810.79611 Pan American Airways, Inc./97

The Minister in Nicaragua (Eberhardt) to the Secretary of State

No. 712

Sir: With reference to the Department’s instruction No. 331 of March 17, 1928, I have the honor to transmit herewith a copy and translation of the contract signed by the Nicaraguan Government and Mr. John D. MacGregor as representative of the Pan American Airways, Incorporated, for the establishment of an air mail and passenger service between the United States, Nicaragua, and the Canal Zone.

Upon Mr. MacGregor’s arrival in Nicaragua I introduced him to the President and explained briefly the interest of the United States in the proposed air mail service. I subsequently extended to Mr. MacGregor such additional assistance as seemed proper. He encountered no opposition in connection with his contract and its signature was delayed only by the necessity of waiting for the arrival of his power-of-attorney from his own company and by the inevitable mechanical delays in the Department of Fomento. I am transmitting herewith for the Department’s information a copy of a letter from Mr. MacGregor in which he expresses his appreciation of the Legation’s assistance.62

When Mr. MacGregor’s proposal was first presented to the President the latter said that he had recently promised Mr. Goodell, the manager in Honduras for the United Fruit Company, to give him preference for the establishment of an air mail service from Honduras to Nicaragua if the fruit company should decide to extend to this country the service already operated between Tela and Tegucigalpa. The President was therefore reluctant to conclude a new contract without being released from this promise. Mr. MacGregor assured both the President and the Legation that the United Fruit Company was favorably inclined to the establishment of his own service and would cooperate in every way and he promised to obtain immediately instructions from the United Fruit Company to Mr. Goodell to cable to the President, releasing him from the promise referred to. While no such cable arrived before Mr. MacGregor’s departure from Managua, the President signed the concession on this assurance. I am transmitting herewith for the Department’s further information a copy of a further letter which Mr. MacGregor wrote to me in this connection.62

It will be noted that the concession provides for the establishment, without subsidy from the Government, of a passenger and mail [Page 783]service for which the company will be free to establish such tariffs as it sees fit. The Government promises to deliver to the company all correspondence to be delivered by air mail. Mr. MacGregor stated at the outset that this was the only special or exclusive privilege which the company desired. Article 21 of the concession as signed however contains certain additional provisions designed to safeguard the company against interference in the conduct of its service, which could perhaps be interpreted in such a manner as to make it impossible or very difficult for a rival company to engage in commercial aviation in Nicaragua. This article, which underwent some changes after the original draft of the contract had been submitted to the Legation, was not brought to the Legation’s attention in its final form until the contract itself had been signed.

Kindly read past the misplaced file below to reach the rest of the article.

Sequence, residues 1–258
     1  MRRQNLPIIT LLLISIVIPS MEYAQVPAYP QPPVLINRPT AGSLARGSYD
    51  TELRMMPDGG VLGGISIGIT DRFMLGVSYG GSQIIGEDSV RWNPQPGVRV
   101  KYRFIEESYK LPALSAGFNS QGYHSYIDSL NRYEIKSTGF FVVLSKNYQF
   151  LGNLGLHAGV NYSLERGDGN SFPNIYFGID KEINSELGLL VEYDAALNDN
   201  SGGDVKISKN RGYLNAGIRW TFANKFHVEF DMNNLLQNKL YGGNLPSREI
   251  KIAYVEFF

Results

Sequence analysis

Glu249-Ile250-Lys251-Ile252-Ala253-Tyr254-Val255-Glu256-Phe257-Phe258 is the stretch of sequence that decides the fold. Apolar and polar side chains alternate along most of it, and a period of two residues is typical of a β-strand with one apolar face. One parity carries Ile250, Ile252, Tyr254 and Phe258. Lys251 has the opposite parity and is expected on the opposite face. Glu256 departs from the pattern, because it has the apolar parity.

Mr. MacGregor returned to Tegucigalpa on June 21 on the airplane which was sent to bring an instruction transmitted by the Department through the Legation there. He informed me that he expected to conclude his negotiations in Tegucigalpa without difficulty and that the establishment of the service would be assured when the concessions from Honduras and Nicaragua were ratified by the congresses of these two countries. It cannot however be actually inaugurated until about one year after such ratification, because of the necessity for building planes and constructing airports in the meantime. While the company desires to extend its service also to the other Central American countries it will not be necessary to do so in order to assure a through service between the United States and the Canal Zone.

I have [etc.]

Charles C. Eberhardt

Contract Between the Government of Nicaragua and the Pan American Airways, Inc., Signed June 18, 1928

XXI. Due to the circumstance that the Company is the one which will establish for the first time the service to which this contract refers, and in consideration of the large expenditures which the said Company will have to make in order to commence and operate this service, the Government agrees not to concede to any other company, person or corporation rights and privileges which might interfere with or injuriously affect in any way those which by means of this contract are conceded to the said Company, or which might disturb or interrupt the proper maintenance of this service, or which might endanger the life or property of the officers or passengers of the Company or of its clients in Nicaragua, such as authorizing that the radio stations, telegraph stations, air ports, or other like equipment, whether the property of the Company or of the Government, could [Page 784]be used in common with other companies, firms, individuals, or organizations that interest themselves or desire to interest themselves in the field of commercial, experimental, or amateur aviation in the Republic of Nicaragua.

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